Participants echoed what the OHRC heard in its housing consultation: people with mental health disabilities often lack access to adequate, affordable supportive housing and people tend to face discrimination in rental housing at very high rates. Municipal practices and zoning by-laws were also seen as a problem in that they can prevent the development of affordable housing for people with mental health disabilities.
- Consent and Capacity Issues
Some participants raised concerns about people’s ability to know their rights to consent and refuse treatment and assert these rights in mental health institutions or before the Consent and Capacity Board. Some participants identified practices undertaken by the Consent and Capacity Board, and under the Mental Health Act and Personal Health Information Protection Act, as potentially raising human rights concerns. Concerns were also raised about older people’s access to consent and capacity rights in the long-term care system. Others identified concerns with respect to substitute decision-makers or legal guardians assisting people in presenting their cases before the Human Rights Tribunal of Ontario and other administrative tribunals. Participants were divided about whether or not the OHRC should become involved in this overall area.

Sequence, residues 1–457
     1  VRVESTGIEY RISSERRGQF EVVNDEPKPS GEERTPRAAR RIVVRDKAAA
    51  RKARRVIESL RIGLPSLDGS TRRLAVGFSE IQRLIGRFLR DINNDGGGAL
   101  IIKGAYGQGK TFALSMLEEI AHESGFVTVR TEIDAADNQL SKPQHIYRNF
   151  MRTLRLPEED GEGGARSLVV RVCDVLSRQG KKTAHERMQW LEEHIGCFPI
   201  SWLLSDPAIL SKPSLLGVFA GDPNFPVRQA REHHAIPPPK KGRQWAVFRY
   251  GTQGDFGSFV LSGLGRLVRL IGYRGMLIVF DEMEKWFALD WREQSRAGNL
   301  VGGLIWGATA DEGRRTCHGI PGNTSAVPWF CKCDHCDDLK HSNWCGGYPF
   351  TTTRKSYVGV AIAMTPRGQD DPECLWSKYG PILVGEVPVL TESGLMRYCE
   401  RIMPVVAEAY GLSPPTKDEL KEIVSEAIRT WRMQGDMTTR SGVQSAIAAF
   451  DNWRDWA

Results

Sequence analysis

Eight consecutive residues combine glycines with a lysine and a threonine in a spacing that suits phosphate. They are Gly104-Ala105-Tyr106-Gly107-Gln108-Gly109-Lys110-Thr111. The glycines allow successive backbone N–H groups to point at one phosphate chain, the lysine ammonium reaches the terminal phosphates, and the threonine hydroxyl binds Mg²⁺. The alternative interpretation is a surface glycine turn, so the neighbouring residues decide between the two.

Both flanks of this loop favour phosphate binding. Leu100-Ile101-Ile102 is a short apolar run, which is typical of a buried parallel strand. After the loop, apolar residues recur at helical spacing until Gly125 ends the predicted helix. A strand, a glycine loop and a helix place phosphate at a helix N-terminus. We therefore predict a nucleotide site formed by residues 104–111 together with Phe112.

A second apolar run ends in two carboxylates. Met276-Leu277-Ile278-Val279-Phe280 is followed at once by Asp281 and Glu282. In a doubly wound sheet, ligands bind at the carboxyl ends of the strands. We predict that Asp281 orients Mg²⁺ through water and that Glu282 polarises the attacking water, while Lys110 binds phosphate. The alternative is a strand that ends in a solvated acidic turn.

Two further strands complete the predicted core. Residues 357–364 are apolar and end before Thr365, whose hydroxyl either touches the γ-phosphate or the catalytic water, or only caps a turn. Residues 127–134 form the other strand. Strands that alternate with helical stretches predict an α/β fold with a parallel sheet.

- Criminal justice system
Many interviewees noted the link between the lack of mental health services and involvement in the criminal justice system. They noted concerns about arrests and detention for behaviour associated with disability that resulted from involvement in less serious crimes. In addition, participants were concerned about the use of tasers on people with mental health issues, and their lack of access to appropriate medical treatment in prisons. People with mental health disabilities are more likely to be in conflict with the criminal justice system and receive criminal records. This can have a major impact on their ability to access housing, employment and volunteer opportunities.